Why writing a Will is important

A Will is a document, in which a person specifies the method to be applied in the management and distribution of his property after his death and a Will serves a variety of purposes. First of all it enables a person to select their heirs rather than allowing the relatives to choose the heirs, who, although blood relatives, might be people the testator dislikes or with whom he is unacquainted.
The Last Will and Testament
The Last Will and Testament

A Will is a document, in which a person specifies the method to be applied in the management and distribution of his property after his death and a Will serves a variety of purposes.

First of all it enables a person to select their heirs rather than allowing the relatives to choose the heirs, who, although blood relatives, might be people the testator dislikes or with whom he is unacquainted.

A Will identifies the children, spouse and other family members; thereby protecting the deceased family. A Will also helps to avoid conflicts and disappointments after death of a loved one.

Perhaps the greatest benefit of a Will is that it helps ensure that children and their surviving parent Will not be kicked off their home and denied ownership of their land when the other parent dies. It also allows a person to decide which individual could best serve as the executor of his assets, distributing the property fairly to the beneficiaries while protecting their interests, rather than allowing other people to appoint a stranger to serve as an administrator.

Requirements of a Will

A valid Will cannot exist unless three essential elements are present. First, there must be a competent testator. Second, the document purporting to be a Will must meet the execution requirements of law, designed to ensure that the document is not a fraud but is the honest expression of the testator’s intention. Third, it must be clear that the testator intended the document to have the legal effect of a Will.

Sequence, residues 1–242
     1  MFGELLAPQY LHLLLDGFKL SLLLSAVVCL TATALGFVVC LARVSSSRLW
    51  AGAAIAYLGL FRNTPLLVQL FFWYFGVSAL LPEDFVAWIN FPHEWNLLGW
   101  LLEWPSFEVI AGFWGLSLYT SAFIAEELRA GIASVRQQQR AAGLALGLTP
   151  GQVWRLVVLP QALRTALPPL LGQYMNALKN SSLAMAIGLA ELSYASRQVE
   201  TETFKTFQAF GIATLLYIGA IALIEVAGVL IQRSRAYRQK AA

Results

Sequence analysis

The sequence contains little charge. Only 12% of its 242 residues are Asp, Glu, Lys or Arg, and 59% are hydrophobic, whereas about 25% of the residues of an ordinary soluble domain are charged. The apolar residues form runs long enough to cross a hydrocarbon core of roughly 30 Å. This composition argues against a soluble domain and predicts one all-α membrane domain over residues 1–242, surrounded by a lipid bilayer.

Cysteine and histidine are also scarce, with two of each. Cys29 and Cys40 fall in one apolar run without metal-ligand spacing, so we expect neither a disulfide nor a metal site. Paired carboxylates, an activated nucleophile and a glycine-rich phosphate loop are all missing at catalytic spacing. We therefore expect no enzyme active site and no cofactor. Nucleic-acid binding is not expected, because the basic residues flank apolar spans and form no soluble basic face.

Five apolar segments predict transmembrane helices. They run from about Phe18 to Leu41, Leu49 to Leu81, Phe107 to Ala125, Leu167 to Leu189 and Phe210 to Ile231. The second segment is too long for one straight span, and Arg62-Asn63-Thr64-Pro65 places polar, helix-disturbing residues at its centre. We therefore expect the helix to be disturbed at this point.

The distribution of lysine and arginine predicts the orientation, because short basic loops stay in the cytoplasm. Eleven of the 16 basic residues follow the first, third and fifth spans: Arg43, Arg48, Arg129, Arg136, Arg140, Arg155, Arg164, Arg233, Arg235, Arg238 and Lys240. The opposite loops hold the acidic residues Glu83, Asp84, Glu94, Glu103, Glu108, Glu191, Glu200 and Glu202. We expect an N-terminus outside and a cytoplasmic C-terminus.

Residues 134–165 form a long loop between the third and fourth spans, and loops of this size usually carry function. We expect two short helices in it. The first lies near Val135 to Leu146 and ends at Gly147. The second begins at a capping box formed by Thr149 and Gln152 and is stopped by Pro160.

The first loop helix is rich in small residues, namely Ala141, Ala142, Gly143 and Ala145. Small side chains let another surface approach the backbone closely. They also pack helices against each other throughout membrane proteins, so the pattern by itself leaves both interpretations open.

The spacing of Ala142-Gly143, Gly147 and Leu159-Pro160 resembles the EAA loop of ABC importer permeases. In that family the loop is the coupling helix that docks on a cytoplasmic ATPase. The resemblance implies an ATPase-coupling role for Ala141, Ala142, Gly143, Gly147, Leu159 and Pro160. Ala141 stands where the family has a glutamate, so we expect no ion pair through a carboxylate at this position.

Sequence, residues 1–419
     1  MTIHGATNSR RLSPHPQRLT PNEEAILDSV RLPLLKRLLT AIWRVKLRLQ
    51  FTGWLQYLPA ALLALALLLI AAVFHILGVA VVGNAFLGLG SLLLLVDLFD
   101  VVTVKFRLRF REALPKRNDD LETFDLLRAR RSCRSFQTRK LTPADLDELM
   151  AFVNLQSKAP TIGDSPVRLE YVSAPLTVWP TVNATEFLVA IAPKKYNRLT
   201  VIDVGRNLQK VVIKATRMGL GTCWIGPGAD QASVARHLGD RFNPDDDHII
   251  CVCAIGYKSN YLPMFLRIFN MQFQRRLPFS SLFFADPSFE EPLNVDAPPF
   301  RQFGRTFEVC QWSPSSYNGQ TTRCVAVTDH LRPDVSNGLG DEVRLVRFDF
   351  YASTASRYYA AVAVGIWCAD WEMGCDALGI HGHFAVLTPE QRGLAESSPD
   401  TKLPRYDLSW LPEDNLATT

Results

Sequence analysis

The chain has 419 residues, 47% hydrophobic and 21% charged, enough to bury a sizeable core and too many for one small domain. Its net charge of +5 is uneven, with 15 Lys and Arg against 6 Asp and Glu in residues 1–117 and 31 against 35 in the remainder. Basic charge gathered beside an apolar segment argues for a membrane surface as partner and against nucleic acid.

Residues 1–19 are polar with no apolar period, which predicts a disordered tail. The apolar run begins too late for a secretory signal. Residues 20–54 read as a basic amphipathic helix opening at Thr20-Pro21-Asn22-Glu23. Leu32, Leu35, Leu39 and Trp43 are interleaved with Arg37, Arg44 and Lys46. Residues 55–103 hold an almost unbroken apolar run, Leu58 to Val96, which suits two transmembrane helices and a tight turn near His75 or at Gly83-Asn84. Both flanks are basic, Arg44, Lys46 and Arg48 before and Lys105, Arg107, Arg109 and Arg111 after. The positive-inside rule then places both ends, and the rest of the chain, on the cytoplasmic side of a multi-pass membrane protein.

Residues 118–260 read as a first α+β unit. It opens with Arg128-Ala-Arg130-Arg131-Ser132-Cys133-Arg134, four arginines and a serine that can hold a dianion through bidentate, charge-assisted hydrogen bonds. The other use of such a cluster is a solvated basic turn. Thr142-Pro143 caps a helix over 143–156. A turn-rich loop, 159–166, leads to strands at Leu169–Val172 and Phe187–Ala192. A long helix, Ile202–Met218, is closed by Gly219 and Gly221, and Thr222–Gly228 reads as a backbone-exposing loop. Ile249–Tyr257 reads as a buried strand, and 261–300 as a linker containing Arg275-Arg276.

A Will usually must be in writing but can be in any of the three languages used in Rwanda—French, English and Kinyarwanda and inscribed with any material or device on any substance that results in a permanent record. Generally, most Wills are printed on paper to satisfy this requirement.

What happens when there is no Will?

In accordance with Rwanda’s 2003 Constitution, whenever a person (man or woman) dies without a Will, all of his property passes equally to all of his/her children “Children” includes legitimate and natural, sons and daughters, minors and adults.

By writing a Will, you show that you care enough about your spouse and children to make sure they are taken care of if anything should happen.

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